According to growing reports coming out of India, users of several large Internet service providers can no longer access some of the world’s largest file-hosting sites. On apparent order from the Indian government, RapidShare, MegaUpload, MediaFile, HotFile and many more are all being blocked at the ISP level.
India, the world’s second-most populous country with over 1.2 billion people, is without doubt a growing force to be reckoned with on all fronts. With increasing numbers of tech-savvy residents it is also a potential goldmine for music, movie and software companies.
Of course, with the spread of Internet access file-sharing is attracting attention too. Now it appears, for whatever reason, that the sharing of files is being curtailed by India’s government.
During the last 24 hours users of some of the country’s largest Internet service providers have found that they are barred from a selection of the world’s foremost file-hosting sites.
According to an initial report by a user known as Sushubh and screenshots first provided by Airtel customer Sunny Chahal, the blocks have been ordered by DOT, the Indian Government’s Department of Telecommunications. The screenshot below shows the message greeting Airtel customers.
Airtel is reported to have been the most aggressive, refusing access to a who’s-who list of cyberlockers including:
Other ISPs have blocked some of the sites listed above, while the state-owned BSNL is reported as not yet blocking any. MTNL users report blocking, but only if they use the full web address of a site – omitting www unblocks the site in question.
This lack of consistency across ISPs has led to speculation that the problem is related to routing issues, but that would not adequately explain the presence of the blocking message which is greeting some broadband customers.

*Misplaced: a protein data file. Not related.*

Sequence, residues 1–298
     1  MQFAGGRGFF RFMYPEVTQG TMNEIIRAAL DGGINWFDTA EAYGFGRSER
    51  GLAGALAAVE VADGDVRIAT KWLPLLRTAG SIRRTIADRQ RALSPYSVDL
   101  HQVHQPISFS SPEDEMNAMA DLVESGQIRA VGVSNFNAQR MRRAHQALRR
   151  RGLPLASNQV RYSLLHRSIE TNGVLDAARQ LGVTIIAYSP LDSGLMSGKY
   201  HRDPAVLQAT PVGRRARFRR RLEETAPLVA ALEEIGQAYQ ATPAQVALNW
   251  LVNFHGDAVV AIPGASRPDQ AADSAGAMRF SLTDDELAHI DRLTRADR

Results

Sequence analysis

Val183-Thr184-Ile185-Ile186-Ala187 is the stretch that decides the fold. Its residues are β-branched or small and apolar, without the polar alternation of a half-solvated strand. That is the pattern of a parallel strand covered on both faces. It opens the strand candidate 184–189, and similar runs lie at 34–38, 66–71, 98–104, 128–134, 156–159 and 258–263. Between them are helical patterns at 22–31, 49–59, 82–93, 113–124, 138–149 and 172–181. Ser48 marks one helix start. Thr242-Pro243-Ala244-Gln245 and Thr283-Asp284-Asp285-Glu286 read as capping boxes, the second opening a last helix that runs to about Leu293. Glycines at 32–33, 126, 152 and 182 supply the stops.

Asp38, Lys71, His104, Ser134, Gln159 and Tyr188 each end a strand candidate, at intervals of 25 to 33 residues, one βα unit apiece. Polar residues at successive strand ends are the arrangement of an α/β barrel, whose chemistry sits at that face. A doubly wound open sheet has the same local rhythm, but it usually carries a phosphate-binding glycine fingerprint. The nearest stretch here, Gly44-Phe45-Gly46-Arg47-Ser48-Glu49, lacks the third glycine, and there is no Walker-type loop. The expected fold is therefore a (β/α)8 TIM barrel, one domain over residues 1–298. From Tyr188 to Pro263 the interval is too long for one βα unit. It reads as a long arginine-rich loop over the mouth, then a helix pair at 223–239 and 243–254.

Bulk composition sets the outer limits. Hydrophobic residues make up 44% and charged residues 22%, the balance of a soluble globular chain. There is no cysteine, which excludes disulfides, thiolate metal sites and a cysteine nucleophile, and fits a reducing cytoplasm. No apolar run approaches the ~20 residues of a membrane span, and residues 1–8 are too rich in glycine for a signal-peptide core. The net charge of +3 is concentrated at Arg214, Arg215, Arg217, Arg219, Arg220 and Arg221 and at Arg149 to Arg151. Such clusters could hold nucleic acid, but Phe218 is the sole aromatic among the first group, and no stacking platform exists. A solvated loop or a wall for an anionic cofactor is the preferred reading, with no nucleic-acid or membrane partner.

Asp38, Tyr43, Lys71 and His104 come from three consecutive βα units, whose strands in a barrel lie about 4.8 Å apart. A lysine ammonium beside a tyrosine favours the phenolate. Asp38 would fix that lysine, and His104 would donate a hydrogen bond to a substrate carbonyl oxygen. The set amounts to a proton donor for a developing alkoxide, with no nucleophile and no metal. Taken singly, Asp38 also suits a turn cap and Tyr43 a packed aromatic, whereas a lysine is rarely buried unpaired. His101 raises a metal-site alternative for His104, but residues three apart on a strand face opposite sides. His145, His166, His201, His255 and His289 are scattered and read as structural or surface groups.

Naturally there is a belief that the action is an attempt to crack down on unlawful file-sharing but as yet there has been no official announcement from the authorities. Hayai Broadband India have announced that should they obtain a blocking order from the government, they will publish it on their website.
Inevitably the hot discussion centers around bypassing the restrictions. Some of the suggestions include using secure https:// instead of the usual http:// in a site’s URL, accessing a site by omitting www, and using various web-proxy sites.
Update: Ok, this is a very, very interesting situation. According to Indian news site Medianama, a company called Reliance Big Pictures served cease and desists letters on sites/services unlawfully offering the movie ‘Singham’ which releases in theaters officially tomorrow.
“A John Doe order is given against unidentified people, because the copyright owner doesn’t know who is going to infringe,” Big Pictures VP (Music and Anti Piracy) Sanjay Tandon told Medianama. “We anticipate that certain entities are going to infringe, and the Delhi High Court has granted us a John Doe order.”
It appears that having been served with the order, some ISPs overreacted and blocked entire sites, rather than just the Singham movie.
“Our only appeal with this order is that you cannot make the film available through your network,” added Tandon. “It’s a matter for the ISPs to look into, because it becomes their liability.”